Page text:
Support Your Local Teenager: Us

There are more than 1.4 million nonprofit organizations in the U.S. Starting a nonprofit is relatively easy: see a need in your community, round up some dedicated volunteers, file the paperwork.

When Sharing Wheels Community Bike Shop started in 2002, we were the only nonprofit bike shop in Snohomish County, committed to “connecting unused bikes to people who need wheels.”

We still serve that unique need. As a teenaged organization, we have matured in so many ways, but still need to grow up in others. One way we need to grow is in community support.

Donations from individuals like you are essential for the future of Sharing Wheels Community Bike Shop.  Whether you give $25 or $250, your contribution demonstrates that the community supports our shop and our mission.

Of course, our bike shop is full of bikes and parts donated by community supporters – probably too full, but loving bikes is an occupational hazard for us. Luckily, bike sales have tripled in recent years – some customers come in to find a special bike and to support our mission, while other customers are the mission:

  • The 125 low income kids who will take a bike home for Christmas this month
  • Sally, who worked her way out of homelessness by using her bike to get to work at odd hours when buses don’t run;
  • Matt, the recovering addict who needed to fix his flat tire so he could ride to treatment
  • Jesse, who got a “new-to-him” road bike from Sharing Wheels and has lost 60 pounds riding everywhere with his caregiver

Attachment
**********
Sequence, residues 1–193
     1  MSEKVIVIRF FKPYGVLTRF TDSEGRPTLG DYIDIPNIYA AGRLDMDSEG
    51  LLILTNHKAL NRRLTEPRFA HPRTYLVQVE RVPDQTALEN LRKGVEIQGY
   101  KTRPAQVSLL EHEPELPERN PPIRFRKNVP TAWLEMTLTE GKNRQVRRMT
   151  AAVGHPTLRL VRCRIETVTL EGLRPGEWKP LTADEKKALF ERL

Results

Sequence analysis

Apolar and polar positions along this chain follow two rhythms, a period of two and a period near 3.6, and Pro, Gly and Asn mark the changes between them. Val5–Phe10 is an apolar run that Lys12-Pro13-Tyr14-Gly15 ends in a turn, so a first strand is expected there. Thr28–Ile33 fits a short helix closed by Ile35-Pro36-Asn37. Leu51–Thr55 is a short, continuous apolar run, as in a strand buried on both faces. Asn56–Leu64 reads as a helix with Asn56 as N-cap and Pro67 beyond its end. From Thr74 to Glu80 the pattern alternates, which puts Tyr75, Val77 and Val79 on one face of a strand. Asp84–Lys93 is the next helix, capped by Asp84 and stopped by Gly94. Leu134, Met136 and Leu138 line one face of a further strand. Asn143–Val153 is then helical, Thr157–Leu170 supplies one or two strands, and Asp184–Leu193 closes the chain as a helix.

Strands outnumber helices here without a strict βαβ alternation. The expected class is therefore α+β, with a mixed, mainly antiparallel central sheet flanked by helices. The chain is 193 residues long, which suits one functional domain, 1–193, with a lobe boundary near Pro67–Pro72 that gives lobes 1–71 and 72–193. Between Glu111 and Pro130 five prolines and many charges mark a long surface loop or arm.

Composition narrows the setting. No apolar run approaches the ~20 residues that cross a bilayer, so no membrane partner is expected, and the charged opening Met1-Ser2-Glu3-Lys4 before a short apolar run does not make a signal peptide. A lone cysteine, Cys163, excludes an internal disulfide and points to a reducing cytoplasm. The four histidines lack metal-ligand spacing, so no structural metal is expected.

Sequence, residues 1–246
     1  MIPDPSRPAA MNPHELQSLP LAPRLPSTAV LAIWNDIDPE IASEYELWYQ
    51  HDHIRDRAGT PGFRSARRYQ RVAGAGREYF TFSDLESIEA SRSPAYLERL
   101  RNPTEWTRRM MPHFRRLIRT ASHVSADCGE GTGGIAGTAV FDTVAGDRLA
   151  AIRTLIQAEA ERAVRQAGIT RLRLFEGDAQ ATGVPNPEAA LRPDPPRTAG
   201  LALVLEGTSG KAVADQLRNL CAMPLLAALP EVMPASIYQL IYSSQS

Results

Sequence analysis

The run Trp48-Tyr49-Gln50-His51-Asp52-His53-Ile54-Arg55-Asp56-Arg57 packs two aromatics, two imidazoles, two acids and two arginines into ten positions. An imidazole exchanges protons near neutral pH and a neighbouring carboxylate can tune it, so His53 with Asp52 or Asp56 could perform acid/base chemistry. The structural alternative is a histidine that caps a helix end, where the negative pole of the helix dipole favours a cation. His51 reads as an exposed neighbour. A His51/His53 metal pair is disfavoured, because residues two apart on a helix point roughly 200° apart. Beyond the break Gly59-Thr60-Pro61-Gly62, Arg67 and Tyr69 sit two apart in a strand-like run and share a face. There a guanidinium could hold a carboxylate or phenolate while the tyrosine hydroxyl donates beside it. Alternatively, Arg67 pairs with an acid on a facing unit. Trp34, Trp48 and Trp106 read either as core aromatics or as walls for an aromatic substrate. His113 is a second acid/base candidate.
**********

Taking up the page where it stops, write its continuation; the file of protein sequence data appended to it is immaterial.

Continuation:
We know many customers by name because as a community bike shop, we don’t just sell bikes. We see people again and again. You drop by to borrow our tools, get a used part, or when to volunteer and pay forward the help we have given you.

Many of our services are free, but our rent, insurance, taxes, and staff are not. As we’ve grown, so has the cost and complexity of doing business.

Many nonprofits don’t make it to age 16. We are determined to keep serving the greater Everett area into adulthood. In 2019 we’ll be adopting a business plan and looking to expand our bike programs and partnerships. Your donation will help us grow up.

“My Bike Has Been Stolen”

A day does not go by without hearing about someone loosing their bike to a thief. Every one insists they had their bike locked up but I suspect they wouldn’t admit otherwise.

Bike-Thief-Story-Poster4213108548Bike theft in Everett and Snohomish County is on the rise. Some thieves are trying to get from point A to point B and sees an opportunity to do it easier and faster than walking. They often abandon the bike after getting to their destination. Some of the thieves sell the bike or trade for something they want, usually for pennies on the dollar. And sadly, some thieves turn the aluminum or steel bike into scrap for pennies per pound.

Many of us use our bikes for transportation to work, grocery shopping, school and anywhere else we want to go. Some of us have transportation choices and also have cars or trucks but choose to use our bikes, opting for an affordable and healthier way to travel. For some of us it is our only means of transportation, lacking the financial, legal means or desire for a motor vehicle.